In the age of Shakespeare, the actors of the Globe Theatre are rehearsing for what is probably the first performance of Romeo and Juliet. As the enthusiastic audience pours in and the lights dim, the Verona market place slowly looms out of the darkness.
The market place gets populated, and members and servants of the Capulet and Montague Houses start a fight. Swords are soon drawn, and many are killed in the fray, which is eventually halted by the Duke of Verona.
In the bustling kitchen of the Capulet House a cheeky Juliet teases her Nanny. The dignified and solemn Lady Capulet surprises her daughter with a gift, but, at the same time, points it out that Juliet is no longer a child.
Party guests are entering the Capulet house. Romeo, Mercutio and Benvolio, disguised in masks, are planning to gatecrash the ball. Before entering, they witness a sinister apparition, as the Witch Queen Mab asks them for a dance. At the ball, Romeo and Juliet fall in love at first sight. Juliet meets Paris, her appointed fiancé, but his advances evoke a chilly response from her side. Tybalt recognises the unwelcome guests and reacts with a wild rage, but Capulet, head of the house, pacifies him. Mercutio's frolics do little to calm Tybalt down - he gets more and more offended. At the end of the ball the guests leave. Romeo climbs the wall of the Capulets' orchard, and on the balcony of the empty house he sees Juliet in a reverie. The lovers engage in a sweet embrace.
Merry crowds revel in Verona's market place, with religious processions, jugglers, and a mob hungry for entertainment. Juliet's Nanny, dressed up top elegantly, brings her young lady's message to the group of clowning youths. Romeo follows the Nanny to Friar Laurence's cell, where the lovers get married.
In the market place Tybalt searches for Mercutio, yearning to return the previous night's prank. Mutual insults are performed, followed by a clash of swords in which Tybalt, a skilled fencer, mortally wounds the everfooling Mercutio. Even while dying, Mercutio continues to act, but before death finally fights him down, he curses both families. Romeo, wild with rage, sets off after Tybalt, and kills him in a fierce fight. After the duel, Romeo's friends make him escape from the Duke's fury and the expectable heavy sentence.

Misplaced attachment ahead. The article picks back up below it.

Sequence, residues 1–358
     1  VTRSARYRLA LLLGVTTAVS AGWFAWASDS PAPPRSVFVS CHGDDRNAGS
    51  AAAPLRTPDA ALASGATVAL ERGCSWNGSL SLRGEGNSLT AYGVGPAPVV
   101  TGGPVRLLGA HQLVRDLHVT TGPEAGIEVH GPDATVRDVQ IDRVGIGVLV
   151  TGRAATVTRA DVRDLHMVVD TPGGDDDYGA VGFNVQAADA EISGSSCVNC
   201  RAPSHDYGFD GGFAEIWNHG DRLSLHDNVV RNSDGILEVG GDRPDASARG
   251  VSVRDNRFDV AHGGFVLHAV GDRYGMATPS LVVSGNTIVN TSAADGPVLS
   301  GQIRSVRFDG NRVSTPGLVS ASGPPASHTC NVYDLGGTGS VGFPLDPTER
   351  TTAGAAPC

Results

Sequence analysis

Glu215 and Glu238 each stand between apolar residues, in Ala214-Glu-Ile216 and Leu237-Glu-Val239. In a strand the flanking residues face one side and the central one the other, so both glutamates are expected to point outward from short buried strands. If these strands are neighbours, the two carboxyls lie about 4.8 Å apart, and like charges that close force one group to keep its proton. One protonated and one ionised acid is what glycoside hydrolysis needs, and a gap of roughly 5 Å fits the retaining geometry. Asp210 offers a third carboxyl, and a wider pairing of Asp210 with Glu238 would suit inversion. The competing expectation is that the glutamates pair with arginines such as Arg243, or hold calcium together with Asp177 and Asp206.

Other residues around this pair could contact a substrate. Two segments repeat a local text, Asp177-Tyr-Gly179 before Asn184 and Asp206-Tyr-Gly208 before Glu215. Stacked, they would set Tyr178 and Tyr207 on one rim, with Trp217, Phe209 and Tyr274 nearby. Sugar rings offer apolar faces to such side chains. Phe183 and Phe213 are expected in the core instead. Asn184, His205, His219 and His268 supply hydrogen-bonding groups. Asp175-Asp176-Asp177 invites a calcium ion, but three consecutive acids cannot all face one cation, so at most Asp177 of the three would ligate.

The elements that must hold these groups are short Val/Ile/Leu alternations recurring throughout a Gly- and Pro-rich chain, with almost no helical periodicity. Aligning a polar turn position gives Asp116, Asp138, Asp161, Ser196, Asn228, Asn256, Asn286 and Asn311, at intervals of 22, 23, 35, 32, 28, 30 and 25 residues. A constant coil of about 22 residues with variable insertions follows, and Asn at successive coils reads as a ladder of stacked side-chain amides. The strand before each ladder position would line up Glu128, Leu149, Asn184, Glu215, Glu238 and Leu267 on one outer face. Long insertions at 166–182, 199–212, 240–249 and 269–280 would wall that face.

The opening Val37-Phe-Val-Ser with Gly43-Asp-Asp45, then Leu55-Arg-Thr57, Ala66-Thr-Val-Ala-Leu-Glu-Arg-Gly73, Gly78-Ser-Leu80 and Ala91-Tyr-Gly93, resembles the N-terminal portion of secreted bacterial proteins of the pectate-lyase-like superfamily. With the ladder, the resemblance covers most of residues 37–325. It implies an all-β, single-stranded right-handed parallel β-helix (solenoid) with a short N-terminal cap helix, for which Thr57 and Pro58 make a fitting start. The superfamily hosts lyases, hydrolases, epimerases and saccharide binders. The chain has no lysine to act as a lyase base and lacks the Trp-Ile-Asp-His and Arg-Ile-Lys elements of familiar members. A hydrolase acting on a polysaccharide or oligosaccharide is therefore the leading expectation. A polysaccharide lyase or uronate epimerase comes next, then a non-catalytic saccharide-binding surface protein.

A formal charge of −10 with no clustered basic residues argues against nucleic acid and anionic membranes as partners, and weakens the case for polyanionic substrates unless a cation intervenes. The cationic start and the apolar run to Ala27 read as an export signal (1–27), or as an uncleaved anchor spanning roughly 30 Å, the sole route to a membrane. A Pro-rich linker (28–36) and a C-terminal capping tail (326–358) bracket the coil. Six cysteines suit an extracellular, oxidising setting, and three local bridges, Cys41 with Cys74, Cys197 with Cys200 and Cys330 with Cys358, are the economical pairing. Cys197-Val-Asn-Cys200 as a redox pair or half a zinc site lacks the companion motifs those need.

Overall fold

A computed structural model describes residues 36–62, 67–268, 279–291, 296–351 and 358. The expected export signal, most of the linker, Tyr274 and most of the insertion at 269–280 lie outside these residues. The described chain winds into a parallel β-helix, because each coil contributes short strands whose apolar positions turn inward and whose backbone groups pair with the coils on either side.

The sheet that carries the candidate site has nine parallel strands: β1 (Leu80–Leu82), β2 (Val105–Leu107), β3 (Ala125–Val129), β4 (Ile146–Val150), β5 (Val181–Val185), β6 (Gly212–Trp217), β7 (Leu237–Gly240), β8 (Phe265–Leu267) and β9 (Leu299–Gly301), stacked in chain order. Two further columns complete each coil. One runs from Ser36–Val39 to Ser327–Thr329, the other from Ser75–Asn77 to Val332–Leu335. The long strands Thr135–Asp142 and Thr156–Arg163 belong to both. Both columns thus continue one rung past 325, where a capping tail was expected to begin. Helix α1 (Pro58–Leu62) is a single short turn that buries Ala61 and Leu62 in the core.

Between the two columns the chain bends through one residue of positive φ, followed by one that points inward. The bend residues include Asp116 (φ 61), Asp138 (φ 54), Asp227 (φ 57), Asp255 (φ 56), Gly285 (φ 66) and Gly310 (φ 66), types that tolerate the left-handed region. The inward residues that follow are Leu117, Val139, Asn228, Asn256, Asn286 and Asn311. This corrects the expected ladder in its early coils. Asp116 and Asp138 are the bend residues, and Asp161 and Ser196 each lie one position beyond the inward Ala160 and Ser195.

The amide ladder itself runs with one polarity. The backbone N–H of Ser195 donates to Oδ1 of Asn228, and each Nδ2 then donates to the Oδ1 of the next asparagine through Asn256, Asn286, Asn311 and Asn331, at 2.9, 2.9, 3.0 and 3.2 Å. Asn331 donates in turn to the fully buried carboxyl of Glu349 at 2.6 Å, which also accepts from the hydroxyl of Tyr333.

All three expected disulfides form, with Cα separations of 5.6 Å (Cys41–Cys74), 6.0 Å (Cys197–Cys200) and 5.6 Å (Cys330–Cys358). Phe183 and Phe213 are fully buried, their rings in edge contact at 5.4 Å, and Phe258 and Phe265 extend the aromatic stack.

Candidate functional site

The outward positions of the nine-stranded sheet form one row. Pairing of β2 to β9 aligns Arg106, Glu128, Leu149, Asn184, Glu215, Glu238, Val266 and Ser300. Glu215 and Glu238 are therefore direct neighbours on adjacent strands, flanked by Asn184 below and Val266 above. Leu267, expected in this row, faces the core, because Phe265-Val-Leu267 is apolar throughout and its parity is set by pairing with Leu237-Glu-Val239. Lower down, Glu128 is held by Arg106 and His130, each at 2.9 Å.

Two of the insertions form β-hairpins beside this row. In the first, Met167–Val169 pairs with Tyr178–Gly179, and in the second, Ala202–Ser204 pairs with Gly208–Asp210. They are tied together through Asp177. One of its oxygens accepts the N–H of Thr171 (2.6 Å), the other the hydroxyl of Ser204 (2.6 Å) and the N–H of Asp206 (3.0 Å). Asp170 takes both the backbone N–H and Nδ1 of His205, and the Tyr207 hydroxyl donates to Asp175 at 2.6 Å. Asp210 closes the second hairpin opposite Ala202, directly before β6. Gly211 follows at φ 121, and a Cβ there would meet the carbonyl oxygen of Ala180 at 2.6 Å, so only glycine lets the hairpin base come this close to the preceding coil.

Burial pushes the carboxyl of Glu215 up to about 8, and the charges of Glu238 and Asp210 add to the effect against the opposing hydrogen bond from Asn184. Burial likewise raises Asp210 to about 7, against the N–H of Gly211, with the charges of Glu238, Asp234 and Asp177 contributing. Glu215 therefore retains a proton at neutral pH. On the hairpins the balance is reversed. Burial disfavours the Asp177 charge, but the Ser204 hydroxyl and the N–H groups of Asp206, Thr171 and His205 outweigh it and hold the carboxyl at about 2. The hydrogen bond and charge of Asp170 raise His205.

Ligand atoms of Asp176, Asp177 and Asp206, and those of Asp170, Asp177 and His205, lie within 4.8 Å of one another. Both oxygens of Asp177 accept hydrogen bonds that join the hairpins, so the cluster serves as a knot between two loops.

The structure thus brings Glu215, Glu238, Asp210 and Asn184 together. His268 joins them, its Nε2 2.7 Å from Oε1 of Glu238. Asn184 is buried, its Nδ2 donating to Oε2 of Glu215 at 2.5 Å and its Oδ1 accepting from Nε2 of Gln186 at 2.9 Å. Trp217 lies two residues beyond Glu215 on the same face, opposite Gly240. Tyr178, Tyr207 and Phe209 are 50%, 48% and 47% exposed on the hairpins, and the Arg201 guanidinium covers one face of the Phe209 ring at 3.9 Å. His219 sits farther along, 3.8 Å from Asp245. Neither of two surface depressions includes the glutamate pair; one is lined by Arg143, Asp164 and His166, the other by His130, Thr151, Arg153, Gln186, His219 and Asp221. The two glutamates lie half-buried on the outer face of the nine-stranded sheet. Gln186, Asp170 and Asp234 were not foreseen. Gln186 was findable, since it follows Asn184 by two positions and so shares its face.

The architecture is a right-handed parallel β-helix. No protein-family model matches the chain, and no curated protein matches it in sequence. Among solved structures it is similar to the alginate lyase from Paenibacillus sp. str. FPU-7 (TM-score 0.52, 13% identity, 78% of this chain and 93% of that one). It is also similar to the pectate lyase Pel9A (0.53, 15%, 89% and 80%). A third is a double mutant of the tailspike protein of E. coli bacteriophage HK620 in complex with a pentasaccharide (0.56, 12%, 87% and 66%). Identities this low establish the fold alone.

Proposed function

Romeo finds temporary refuge in Friar Laurence's cell, where Juliet's invitation finds him.
After their nuptial night, Romeo must bid his angry-but-loving wife farewell.
Juliet refuses the pressure by her parents' that she marries Paris. Desperate and left without support, she flees to Friar Laurence's cell.
Friar Laurence beseeches Heaven for help in vain. There only seems to be one way out: he persuades Juliet to drink a magic liquor that will make her seem dead.
Returning to her chamber, Juliet seemingly consents to marrying Paris. When all leave, she drinks the poison, and the next morning is found dead in her bed.
A gloomy funeral procession accompanies Juliet to the Capulets' crypt. Heartbroken, her parents and Nanny bid her final farewell. Soon after the mourners have left, Romeo turns up. He thinks his love truly dead, and commits suicide to follow her. Friar Laurence arrives too late; the awaking Juliet finds her Romeo dead, and in endless desperation stabs herself with Romeo's dagger.
The crypt expands into a cosmic space, the bier rises into the starry light, and crowds of Romeos and Juliets dance around the passed away lovers.
The group of Romeos and Juliets are converted into the Globe's audience, and Shakespeare's actors, including Romeo and Juliet, thank for their applause. The performance at the Globe is over.